- Freeport murder suspect Damon Dixson taken into custody in Rockford
- Local gas station employee arrested for selling liquor to minor
- Renewable Fuel Standard delay ‘a mixed blessing,’ Bustos says
- Rockford delegation presents inaugural ‘Rockford Award’ to Norwegian Air
- Education in Illinois making slow progress, according to report
- Illinois GOP Congressional delegation: Obama’s immigration plan undermines rule of law
- Suspect, 17, charged in Halloween hit-and-run in Roscoe
- Saint Anthony College of Nursing president to retire
- Man found guilty in deadly August 2013 crash at Mulford and Garrett Lane
- ‘The Price is Right Live!’ at Coronado March 1; tickets on sale Nov. 21
Attorney General: Book publishers, Apple conspired to overcharge consumers for e-book bestsellers
Online Staff Report
CHICAGO — Illinois Attorney General Lisa Madigan joined 15 other states April 11 in a lawsuit against three book publishers and Apple Inc. for conspiring to raise prices for e-books. Madigan is seeking to recover money for Illinois consumers who were overcharged in the scheme.
The lawsuit alleges publishers Penguin Group, Macmillan and Simon & Schuster colluded with Apple to drive up the price of e-books beginning in 2010, when Apple unveiled its first e-book reader, the iPad. Madigan and her counterparts previously reached an agreement with two other publishers, HarperCollins and Hachette, over similar allegations that will provide significant restitution to consumers as well as injunctive relief.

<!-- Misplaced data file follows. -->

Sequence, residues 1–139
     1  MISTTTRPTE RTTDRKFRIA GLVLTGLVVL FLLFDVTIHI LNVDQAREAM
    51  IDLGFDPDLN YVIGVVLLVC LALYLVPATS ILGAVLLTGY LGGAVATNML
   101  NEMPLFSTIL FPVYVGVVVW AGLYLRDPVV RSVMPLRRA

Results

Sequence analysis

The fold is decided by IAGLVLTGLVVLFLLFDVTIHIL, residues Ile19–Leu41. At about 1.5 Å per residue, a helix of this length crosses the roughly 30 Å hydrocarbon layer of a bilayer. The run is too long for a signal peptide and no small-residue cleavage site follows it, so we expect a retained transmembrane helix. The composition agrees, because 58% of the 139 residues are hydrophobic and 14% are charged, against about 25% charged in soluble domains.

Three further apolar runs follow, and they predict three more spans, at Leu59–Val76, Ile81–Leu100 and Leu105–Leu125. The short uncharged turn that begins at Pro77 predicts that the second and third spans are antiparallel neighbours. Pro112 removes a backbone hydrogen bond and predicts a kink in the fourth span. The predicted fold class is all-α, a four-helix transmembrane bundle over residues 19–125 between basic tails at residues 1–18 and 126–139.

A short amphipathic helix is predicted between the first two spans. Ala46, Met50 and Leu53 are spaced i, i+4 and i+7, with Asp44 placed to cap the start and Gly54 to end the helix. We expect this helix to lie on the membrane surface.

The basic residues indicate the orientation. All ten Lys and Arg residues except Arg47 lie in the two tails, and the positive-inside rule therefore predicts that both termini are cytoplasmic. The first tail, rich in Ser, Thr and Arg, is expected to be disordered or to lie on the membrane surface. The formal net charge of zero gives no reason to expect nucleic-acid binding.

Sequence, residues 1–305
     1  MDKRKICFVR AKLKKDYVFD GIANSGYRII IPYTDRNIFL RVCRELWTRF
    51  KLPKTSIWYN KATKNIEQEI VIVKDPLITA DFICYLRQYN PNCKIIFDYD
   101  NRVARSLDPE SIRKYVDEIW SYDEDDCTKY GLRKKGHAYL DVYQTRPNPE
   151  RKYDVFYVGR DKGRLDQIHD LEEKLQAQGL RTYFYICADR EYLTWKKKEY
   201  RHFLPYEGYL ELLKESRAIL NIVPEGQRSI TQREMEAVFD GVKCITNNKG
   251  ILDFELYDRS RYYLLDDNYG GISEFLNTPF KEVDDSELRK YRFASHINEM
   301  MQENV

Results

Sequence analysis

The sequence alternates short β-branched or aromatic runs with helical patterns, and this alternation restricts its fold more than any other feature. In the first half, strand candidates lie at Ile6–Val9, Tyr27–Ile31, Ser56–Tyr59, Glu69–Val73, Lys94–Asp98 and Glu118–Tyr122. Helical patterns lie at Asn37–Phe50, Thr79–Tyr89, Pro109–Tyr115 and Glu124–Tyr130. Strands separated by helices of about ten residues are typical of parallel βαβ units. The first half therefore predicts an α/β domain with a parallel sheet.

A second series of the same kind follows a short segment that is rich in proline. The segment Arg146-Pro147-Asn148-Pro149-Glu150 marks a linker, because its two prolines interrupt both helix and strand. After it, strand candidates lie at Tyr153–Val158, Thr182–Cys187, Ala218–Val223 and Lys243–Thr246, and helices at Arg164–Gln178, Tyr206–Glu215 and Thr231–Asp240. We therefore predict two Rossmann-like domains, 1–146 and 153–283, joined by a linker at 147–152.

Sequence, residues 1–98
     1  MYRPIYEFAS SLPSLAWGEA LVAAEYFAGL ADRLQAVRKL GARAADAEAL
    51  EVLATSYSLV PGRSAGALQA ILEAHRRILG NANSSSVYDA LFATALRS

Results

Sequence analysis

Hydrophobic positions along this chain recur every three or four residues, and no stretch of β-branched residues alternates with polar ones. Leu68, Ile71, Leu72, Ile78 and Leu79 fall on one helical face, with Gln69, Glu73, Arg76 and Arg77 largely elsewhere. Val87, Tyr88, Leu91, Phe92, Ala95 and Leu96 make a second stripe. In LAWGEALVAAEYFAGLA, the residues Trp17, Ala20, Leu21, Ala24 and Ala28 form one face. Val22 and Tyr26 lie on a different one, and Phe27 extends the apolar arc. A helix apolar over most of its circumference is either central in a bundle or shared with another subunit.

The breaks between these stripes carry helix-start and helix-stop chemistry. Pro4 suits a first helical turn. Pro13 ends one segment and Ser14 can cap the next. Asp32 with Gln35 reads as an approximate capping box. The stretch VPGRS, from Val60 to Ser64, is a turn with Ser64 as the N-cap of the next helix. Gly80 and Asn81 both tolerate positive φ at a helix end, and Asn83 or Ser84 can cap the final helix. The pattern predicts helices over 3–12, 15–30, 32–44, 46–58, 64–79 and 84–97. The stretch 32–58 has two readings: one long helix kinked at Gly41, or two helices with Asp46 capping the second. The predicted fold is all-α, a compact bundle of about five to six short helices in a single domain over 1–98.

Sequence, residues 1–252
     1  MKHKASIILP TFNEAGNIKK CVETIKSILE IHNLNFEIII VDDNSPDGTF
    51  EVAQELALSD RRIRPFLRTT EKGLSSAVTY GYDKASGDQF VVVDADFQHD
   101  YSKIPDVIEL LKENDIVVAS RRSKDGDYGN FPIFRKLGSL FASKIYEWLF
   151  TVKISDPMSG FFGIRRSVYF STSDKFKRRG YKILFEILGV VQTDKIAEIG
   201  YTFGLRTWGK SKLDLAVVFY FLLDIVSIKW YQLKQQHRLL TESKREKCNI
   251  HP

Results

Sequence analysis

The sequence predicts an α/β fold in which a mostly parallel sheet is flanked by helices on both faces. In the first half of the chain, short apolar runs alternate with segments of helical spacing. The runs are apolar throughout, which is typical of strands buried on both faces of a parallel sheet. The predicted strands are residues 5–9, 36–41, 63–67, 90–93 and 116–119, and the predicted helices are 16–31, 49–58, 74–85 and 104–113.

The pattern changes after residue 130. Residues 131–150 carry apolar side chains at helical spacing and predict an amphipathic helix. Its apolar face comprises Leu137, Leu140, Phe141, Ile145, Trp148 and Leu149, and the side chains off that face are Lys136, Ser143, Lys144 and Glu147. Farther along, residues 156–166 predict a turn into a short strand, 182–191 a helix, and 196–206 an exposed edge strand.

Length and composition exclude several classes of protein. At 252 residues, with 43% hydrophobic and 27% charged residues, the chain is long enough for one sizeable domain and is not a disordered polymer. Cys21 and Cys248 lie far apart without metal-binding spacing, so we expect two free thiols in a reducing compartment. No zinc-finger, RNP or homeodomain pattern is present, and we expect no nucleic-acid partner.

“By colluding to fix the price of e-books, publishers and Apple essentially forced consumers to pay millions more for e-books than they otherwise would have paid,” Madigan said. “Enforcing the state’s antitrust laws will ensure that consumers receive the full benefit of competitive pricing and choice in the marketplace.”
Prior to Apple entering the e-book market in 2010, most new bestsellers in this format cost $9.99 — a price set by the leading e-book retailer, Amazon. The lawsuit alleges the publishers colluded to increase e-book costs to $12.99 and $14.99 when they struck a deal with Apple to sell their books directly to readers, using its iBookstore as the vehicle for the sales. Historically, publishers have sold their books to retailers who, in turn, have sold them to readers. The deal with Apple — a so-called agency model of distribution — allowed the publishers to control the retail price and to sell the content to consumers directly.
For its part, the lawsuit alleges Apple received a guaranteed 30 percent commission on all e-books that were sold under the deal.
The lawsuit also alleges a separate antitrust violation when the publishing defendants agreed in late 2009 to illegally delay releasing e-book versions of new bestsellers. Though this type of delay — called windowing — is common with paperback books, the publishers delayed releasing e-book versions when they typically would issue them simultaneously with the hardcover books.
Madigan was joined in filing the lawsuit by attorneys general in Connecticut, Alaska, Arizona, Colorado, Iowa, Maryland, Missouri, Ohio, Pennsylvania, Puerto Rico, South Dakota, Texas, Tennessee, Vermont and West Virginia.
Bureau Chief Robert Pratt and Assistant Attorney General Chadwick Brooker are handling the case for Attorney General Madigan’s Antitrust Bureau.
Posted April 11, 2012